Automate Section Views for Wall Documentation using Dynamo

Automate Section Views for Wall Documentation using Dynamo

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Creating sections for documentation is an essential yet painful part of the modelling process, this post will walk you through the steps of creating individual aligned sections for walls in Dynamo.

When attempting new problems, I find that it is always easier to reverse engineer solutions in Dynamo. Since the end goal is to create sections, let us start by first examining nodes that create Section Views for us, i.e. SectionView.ByBoundingBox and SectionView.ByCoordinateSystemMinPointMaxPoint nodes.


It may be tempting to choose the SectionView.ByBoundingBox method due to its simplicity, but unfortunately it didn’t achieve what we wanted due to the lack of control inputs (See below). Hence, let’s try examine the SectionView.ByCoordinateSystemMinPointMaxPoint method instead.


The node takes in three inputs, i.e. the Coordinate system, the Minimum point and the Maximum point of a Section view. Let’s walk through each input.

Coordinate system input

The coordinate system input grants users the ease to define a separate coordinate system for each instance, which would be extremely useful for us to create sections that are individually aligned to each wall. The nodes below creates a new coordinate system on the center of each wall, we can imagine having one coordinate system attached to the center of each wall instance. Two examples have been illustrated on the plan and 3-D views below.

Minimum & Maximum Points input

With the coordinate system set, getting your minimum and maximum points should be a breeze. Let’s begin by trying to understand what does the minimum and maximum points mean.

If we select any Section view in Revit, we can see the glowing blue outline of a section view’s extents in both Plan and Section views as illustrated below. On the same image, the Minimum and Maximum points refers to the corners marked on the extents of both Plan and Section views.

With that understanding, some simple data manipulation using each wall’s length L, and height H, will help us get our minimum and maximum points. I have preset section offsets to be 500 to ensure the wall’s face show up.

And that’s it! You can automate placement of section views for your own specific application now!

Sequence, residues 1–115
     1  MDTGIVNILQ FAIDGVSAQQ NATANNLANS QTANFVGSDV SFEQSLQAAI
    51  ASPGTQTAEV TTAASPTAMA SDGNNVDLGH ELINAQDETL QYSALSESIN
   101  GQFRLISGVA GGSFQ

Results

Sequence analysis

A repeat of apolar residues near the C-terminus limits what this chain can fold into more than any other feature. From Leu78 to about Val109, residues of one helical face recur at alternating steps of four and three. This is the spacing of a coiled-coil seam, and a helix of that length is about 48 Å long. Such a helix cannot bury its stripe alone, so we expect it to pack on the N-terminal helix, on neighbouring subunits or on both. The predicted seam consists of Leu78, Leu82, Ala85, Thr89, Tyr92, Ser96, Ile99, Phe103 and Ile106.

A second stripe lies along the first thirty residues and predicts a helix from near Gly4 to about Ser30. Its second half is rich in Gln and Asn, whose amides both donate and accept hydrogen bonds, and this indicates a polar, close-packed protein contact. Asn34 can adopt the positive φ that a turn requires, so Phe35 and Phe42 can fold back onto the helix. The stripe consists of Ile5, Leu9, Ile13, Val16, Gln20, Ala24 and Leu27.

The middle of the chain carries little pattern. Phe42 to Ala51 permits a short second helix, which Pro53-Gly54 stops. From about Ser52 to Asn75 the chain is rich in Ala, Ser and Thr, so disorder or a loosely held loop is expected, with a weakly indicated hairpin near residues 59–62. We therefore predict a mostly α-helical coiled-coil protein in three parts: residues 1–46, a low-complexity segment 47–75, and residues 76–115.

MEP opening sample application

We could also add upstream rules for creation of section views to make the Dynamo graph more meaningful. A sample application could be creating sections for walls with MEP services, to let structural Engineers inspect penetration sizes. Check out the video for creating sections on walls with Ducts!

I hope you’ve enjoyed this post and will be of some use to you! Dynamo file can be download here! Do drop a comment if there’s any queries, I’ll be happy to help 🙂

This Post Has 6 Comments

  1. Joe

    Thanks Han. This is exactly what I was working on when I came across this post. It helped me a lot to understand the local coordinate system. One question – I’d like to show the local coordinate system created as you do in your illustration. How is that done?

    1. Han

      Thanks for your kind words Joe, I’m happy I helped.
      You can actually use both Line.ByStartPointDirectionLength and GeometryColor nodes to create those illustrations on your Dynamo canvas!
      Sorry to disappoint, but those you see on the post was drawn on top of images manually to illustrate better haha.
      Hope this helps!


  2. Atis

    Actually I found out the hard way- Z axis for new CS system must be in opposite direction of object you are trying to view.

  3. Jonathan

    Hey Han,
    First of all thanks a lot for your publication. It helped me out a lot so far.
    I’ve expanded it slightly for my own usecase, but I was wondering if I could simplify the output in a way.
    Right now we often have walls which are collinear to each other. Instead of generating a view for each wall I’d love it if the script could make it 1 extended view of both (or more) walls.
    I can’t seem to set up a check for collinearity to extend my views…

    1. Han

      Hey Jonathan,
      if those walls are enclosed within the same room. You could create the sectional views using the boundary lines of the room.
      Hope this helps!

  4. Michał

    Great work!

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